BEGA Cheese has made an offer to take over Warrnambool Cheese and Butter (WCB).
The New South Wales company yesterday made an off-market offer of 1.2 of its own shares plus $2 for every WCB share, equivalent to $5.78 per share.
The $320 million offer, which will open in two weeks, will be open to all holders of the 45 million WCB shares that Bega doesn’t own. It already holds an 18 per cent stake in WCB. Before the offer, WCB shares had been trading on the Australian Securities Exchange (ASX) in the $4.50 range. The market closed at $4.51 on Wednesday.
The offer is 28 per cent higher than the Wednesday close.
Bega’s offer was posted yesterday morning and the market reacted immediately.
By noon, WCB shares were trading on the ASX for $6 and just over half a million shares changed hands before the day’s trading closed at $5.77 — one cent below the value of the offer and $1.26 above the previous day’s close.
Statutory rules require that the offer cannot open for two weeks and must remain open for at least a month.
In the meantime, Bega will send details of the offer to WCB shareholders, together with a deadline for response.
WCB chief executive David Lord and chairman Terry Richardson said in a joint press statement that the company had not yet had an opportunity to review Bega’s offer.
“WCB’s directors are not yet in a position to make a formal recommendation to shareholders. The directors of WCB will meet shortly to consider the offer in detail.
“Until WCB’s directors have issued their formal recommendation regarding the offer, shareholders are advised to take no action.
“WCB shareholders will have ample time to make a decision in respect of the offer.”
The company has appointed Minter Ellison and CIMB Corporate Finance (Australia) Limited to advise on the offer and assist directors to evaluate and respond.
Neither Mr Lord or Mr Richardson could be contacted directly.
Bega executive chairman Barry Irvin said the synergy of a merged company would bring about $7.5 million savings, made up of reduced corporate costs, greater buying power and more efficient use of facilities.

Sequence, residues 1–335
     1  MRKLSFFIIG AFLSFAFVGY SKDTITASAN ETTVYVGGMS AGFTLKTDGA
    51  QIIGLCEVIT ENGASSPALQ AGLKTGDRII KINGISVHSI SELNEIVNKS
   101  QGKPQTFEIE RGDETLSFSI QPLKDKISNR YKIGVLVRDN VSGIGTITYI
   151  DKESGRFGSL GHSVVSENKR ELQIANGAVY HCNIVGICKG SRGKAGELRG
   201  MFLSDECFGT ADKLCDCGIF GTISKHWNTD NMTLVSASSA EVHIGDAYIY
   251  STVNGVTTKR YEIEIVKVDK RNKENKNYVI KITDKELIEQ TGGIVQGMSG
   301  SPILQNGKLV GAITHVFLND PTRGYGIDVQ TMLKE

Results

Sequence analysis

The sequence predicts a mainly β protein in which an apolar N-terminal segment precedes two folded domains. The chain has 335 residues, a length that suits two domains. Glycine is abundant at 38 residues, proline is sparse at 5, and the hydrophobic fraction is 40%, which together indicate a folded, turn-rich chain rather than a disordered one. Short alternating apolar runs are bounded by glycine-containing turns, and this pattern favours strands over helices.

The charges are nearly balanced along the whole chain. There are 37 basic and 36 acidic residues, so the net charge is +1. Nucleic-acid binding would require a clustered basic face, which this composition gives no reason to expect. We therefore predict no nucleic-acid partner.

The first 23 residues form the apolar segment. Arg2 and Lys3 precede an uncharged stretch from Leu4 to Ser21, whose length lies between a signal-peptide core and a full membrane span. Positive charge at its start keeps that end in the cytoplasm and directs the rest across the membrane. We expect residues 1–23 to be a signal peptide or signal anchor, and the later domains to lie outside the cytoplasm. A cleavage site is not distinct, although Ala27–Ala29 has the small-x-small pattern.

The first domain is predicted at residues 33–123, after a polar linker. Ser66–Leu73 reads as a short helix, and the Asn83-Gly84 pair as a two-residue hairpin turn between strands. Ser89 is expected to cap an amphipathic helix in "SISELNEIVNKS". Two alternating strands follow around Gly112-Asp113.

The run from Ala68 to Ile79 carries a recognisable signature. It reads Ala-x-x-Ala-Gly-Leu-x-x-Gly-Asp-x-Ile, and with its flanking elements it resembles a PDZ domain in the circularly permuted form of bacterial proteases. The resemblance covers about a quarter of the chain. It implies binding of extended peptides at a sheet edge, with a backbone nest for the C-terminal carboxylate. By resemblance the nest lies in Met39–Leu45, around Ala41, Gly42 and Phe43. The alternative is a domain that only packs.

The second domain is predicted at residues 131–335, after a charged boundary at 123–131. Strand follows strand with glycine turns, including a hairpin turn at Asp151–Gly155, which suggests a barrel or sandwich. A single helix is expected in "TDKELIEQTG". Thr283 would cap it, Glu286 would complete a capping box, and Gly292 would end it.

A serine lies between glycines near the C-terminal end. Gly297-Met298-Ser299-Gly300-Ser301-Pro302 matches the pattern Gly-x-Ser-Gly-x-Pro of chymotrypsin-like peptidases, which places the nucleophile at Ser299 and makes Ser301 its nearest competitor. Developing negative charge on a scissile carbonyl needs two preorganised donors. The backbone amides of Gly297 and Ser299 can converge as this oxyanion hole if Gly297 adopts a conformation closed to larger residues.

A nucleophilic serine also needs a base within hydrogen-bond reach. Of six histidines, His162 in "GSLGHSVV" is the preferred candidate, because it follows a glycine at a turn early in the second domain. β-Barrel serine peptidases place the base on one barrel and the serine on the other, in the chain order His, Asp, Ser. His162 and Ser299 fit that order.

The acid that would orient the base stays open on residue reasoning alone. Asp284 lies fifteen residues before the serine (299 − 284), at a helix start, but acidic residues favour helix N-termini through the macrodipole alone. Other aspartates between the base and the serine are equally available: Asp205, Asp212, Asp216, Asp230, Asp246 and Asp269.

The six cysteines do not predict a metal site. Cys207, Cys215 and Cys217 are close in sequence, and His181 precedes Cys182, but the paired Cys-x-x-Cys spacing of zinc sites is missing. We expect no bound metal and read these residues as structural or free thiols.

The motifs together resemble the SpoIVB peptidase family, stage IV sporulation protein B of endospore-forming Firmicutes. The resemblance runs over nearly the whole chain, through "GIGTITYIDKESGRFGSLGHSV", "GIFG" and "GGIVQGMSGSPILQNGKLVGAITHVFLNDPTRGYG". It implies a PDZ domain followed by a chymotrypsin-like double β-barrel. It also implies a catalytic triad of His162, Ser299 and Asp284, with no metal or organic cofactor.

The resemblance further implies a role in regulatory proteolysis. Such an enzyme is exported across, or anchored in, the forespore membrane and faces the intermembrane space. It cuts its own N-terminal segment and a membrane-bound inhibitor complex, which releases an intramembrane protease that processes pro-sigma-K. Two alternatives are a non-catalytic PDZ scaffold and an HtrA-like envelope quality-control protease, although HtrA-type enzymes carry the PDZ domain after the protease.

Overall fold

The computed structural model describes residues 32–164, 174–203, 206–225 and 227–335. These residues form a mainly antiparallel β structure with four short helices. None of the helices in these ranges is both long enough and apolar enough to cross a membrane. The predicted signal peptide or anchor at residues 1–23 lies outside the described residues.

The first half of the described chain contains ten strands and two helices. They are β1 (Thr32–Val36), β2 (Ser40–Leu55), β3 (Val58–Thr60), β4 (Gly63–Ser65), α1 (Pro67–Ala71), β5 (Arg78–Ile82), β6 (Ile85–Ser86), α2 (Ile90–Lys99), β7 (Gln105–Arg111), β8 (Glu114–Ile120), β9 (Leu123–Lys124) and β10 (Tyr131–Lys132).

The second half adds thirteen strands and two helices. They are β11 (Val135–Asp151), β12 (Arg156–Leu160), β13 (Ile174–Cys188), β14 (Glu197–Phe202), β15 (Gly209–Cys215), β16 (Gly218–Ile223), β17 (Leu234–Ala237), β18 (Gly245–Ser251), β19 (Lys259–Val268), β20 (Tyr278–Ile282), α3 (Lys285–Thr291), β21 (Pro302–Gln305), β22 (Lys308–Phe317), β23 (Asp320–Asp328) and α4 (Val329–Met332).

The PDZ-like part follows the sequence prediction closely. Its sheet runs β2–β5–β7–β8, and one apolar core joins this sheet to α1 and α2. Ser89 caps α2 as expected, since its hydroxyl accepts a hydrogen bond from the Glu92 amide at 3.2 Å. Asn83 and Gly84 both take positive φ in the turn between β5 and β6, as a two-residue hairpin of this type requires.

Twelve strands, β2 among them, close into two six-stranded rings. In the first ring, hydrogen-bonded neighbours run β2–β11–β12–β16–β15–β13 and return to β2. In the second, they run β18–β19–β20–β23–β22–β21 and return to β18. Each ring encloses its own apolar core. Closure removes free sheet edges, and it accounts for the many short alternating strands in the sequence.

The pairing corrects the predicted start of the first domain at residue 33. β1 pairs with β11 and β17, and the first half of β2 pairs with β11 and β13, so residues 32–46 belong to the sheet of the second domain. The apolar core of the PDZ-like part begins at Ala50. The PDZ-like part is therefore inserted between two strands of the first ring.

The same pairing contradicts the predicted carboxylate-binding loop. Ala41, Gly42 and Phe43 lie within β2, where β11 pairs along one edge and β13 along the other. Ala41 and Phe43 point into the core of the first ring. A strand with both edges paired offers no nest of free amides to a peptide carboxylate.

“We have initiated this move because we believe there is a need for more consolidation in the industry,” Mr Irvin said.
“If our offer is successful you are going to see a very strong listed dairy company with the benefits that come with scale, diversity and efficiency.”
If Bega acquired all WCB shares, it would have a market capitalisation of $650 million.
Bega has been on the acquisition trail for the past few years and also owns Tatura Milk.
If the offer is successful it will have seven sites from Bega to Mount Gambier, in Melbourne and northern Victoria.
“We would have a presence in all Victoria’s dairy regions, which has its own benefits,” Mr Irvin said.
Bega presently has about 40 suppliers in the south-west.
Bell Potter Securities senior adviser Bill Richmond said he believed the offer undervalued the company.
“I believe the company is worth more than the offer that has been made by Bega. There is still more to be played out before this is over. Much more will happen as days go by,” Mr Richmond said.
Bega first took a stake in WCB when it was invited to take a 15 per cent stake through a revenue-raising share issue in November 2010.
It has since increased its holding twice, most recently in May this year when it raised its holding to 18 per cent.
WCB has already been the target of two failed takeover offers by Murray Goulburn, which still holds a stake of about 16 per cent.